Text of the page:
Each church must decide for itself what differences over the meaning of scripture to tolerate, and what is a matter for separation. Do not accept that figures in the early parts of the Book of Genesis were exclusively mythical; they undoubtedly have archetypal features but they were regarded as flesh and blood by Jesus Christ and the apostle Paul, and how can a mythical figure beget flesh-and-blood ones in the genealogies? It is important also to believe that the Law of Moses was given on the way to the Promised Land, not partly after Old Testament prophets had complained that Israel was failing to keep it. Separation should not be necessary, however, over the Calvinist or Arminian view of justification (what difference does it make to what believer or unbeliever should do?), or how Jesus Christ is fully divine and fully human (the Bible is clear only that he is both), or how the Holy Spirit’s divinity is related to God the Father and God the Son. These things have all caused schism, but they make no difference to Christian living. The scandal of schism between denominations does not arise with the housechurch format.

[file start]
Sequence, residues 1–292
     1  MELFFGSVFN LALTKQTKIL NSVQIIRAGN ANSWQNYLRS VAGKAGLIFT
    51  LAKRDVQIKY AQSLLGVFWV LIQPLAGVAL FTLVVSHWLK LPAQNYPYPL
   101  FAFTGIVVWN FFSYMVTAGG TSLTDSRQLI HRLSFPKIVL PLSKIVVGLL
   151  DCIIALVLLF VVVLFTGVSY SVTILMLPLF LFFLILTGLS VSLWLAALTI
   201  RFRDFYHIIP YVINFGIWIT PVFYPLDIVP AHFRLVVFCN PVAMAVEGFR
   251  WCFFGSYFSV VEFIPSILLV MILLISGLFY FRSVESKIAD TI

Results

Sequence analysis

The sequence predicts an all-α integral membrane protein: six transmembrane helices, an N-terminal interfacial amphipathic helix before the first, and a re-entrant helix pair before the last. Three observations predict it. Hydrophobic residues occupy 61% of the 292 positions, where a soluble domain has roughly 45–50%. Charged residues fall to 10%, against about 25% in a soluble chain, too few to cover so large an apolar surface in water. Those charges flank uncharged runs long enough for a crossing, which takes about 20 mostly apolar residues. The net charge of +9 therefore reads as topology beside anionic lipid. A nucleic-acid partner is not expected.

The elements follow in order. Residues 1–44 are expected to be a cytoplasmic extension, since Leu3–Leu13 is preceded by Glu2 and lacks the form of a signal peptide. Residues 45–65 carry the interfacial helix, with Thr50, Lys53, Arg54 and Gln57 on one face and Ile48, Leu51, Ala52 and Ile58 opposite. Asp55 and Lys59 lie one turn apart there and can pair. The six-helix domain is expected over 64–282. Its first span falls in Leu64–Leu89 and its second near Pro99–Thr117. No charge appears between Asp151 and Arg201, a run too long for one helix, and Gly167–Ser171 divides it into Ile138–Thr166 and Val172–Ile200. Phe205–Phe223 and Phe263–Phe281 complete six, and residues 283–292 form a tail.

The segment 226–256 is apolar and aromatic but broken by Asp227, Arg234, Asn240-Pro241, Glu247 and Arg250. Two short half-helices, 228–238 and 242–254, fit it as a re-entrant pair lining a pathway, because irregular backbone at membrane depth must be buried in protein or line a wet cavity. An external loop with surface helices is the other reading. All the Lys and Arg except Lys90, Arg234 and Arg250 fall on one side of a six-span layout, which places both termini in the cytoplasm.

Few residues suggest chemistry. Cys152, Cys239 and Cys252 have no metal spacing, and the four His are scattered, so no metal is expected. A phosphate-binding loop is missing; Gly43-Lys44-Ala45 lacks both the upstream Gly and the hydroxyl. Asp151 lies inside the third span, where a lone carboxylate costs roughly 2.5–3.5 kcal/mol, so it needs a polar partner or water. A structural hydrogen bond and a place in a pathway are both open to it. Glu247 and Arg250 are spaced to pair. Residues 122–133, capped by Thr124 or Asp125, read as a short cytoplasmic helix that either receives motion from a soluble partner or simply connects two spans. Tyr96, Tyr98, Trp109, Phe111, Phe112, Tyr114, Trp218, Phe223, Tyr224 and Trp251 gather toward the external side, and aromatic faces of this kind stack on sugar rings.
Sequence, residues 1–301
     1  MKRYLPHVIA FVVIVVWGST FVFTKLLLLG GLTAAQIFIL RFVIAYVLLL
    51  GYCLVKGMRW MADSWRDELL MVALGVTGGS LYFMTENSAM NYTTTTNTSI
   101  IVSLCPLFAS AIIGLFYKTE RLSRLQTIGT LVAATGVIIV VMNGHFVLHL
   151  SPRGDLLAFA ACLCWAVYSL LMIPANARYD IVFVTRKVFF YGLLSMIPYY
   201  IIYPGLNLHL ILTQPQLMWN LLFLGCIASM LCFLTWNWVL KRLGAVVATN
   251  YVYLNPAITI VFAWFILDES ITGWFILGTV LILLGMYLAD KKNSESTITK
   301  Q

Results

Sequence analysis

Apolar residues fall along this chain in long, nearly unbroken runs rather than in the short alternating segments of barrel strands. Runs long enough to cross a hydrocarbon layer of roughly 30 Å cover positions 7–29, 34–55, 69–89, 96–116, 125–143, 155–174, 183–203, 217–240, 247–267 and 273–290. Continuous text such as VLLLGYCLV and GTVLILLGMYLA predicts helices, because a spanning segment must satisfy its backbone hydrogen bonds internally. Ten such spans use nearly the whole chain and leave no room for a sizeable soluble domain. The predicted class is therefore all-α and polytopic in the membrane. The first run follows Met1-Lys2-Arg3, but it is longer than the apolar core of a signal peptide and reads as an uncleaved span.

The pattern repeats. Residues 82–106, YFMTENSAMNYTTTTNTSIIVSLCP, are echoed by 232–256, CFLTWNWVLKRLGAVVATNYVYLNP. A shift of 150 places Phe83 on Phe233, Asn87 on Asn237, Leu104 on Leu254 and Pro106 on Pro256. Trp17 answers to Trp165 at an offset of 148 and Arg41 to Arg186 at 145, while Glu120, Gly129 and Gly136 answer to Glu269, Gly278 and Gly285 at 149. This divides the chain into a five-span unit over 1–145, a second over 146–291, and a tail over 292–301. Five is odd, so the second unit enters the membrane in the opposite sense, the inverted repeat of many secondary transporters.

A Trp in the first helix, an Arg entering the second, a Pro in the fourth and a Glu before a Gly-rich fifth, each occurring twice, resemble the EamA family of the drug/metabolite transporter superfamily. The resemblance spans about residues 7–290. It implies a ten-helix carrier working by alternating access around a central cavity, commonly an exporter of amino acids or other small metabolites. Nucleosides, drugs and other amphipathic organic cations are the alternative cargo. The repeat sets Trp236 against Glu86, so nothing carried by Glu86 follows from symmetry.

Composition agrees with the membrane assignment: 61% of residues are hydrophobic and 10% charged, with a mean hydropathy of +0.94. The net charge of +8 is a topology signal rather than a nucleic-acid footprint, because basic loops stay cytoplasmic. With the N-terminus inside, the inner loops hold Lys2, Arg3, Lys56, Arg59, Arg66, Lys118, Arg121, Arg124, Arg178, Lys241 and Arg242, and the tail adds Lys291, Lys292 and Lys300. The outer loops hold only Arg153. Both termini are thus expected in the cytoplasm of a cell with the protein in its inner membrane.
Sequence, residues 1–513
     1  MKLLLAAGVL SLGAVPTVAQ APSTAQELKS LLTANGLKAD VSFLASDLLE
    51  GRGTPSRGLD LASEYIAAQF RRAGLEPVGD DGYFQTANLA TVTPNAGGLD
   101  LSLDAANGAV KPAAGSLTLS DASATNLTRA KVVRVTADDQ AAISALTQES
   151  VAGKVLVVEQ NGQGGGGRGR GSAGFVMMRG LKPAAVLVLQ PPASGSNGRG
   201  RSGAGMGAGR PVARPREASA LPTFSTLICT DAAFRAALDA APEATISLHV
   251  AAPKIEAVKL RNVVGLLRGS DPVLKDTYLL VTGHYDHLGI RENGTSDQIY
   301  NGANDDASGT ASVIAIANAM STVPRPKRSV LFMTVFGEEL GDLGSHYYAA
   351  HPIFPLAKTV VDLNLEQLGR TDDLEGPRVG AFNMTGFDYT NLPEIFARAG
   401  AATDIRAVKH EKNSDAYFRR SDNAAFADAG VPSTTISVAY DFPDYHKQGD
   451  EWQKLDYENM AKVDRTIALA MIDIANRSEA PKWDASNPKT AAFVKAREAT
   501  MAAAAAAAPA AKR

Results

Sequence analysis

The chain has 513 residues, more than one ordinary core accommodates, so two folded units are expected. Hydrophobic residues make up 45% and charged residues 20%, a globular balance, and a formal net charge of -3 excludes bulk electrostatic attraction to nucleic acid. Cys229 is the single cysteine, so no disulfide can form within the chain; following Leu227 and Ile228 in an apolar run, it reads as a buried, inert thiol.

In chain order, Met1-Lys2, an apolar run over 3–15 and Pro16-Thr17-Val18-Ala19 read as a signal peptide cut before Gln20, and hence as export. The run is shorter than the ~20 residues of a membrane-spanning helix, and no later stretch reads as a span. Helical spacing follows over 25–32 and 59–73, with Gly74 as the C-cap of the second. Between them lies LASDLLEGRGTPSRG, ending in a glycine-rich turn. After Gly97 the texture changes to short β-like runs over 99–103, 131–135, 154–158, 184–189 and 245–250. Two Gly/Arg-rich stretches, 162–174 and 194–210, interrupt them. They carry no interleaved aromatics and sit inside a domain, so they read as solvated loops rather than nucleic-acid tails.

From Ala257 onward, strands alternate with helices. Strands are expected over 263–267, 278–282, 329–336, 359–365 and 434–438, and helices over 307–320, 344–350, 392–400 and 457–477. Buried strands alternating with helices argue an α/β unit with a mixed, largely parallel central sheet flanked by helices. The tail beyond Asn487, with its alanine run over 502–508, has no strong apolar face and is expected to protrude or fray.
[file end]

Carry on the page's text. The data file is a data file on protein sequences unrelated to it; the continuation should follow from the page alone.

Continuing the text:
We recommend the following summary, or creed, of the Christian faith.
A Christian places his or her faith in Jesus Christ, the divine son of the creator of the world and the human race, yet also a man born 2000 years ago to a virgin in Israel; he grew up in Nazareth, let himself be crucified as a sacrifice for people’s sins, died on the cross, came back to life and rose to heaven – one day to return in power and set the world aright, and to judge all who have lived. He loves his church.
Unity among Christians is in the Holy Spirit (Ephesians 4), and in belief that the Bible is uniquely God’s written word for the church. The more Christians of differing denominations who meet to study it, the better.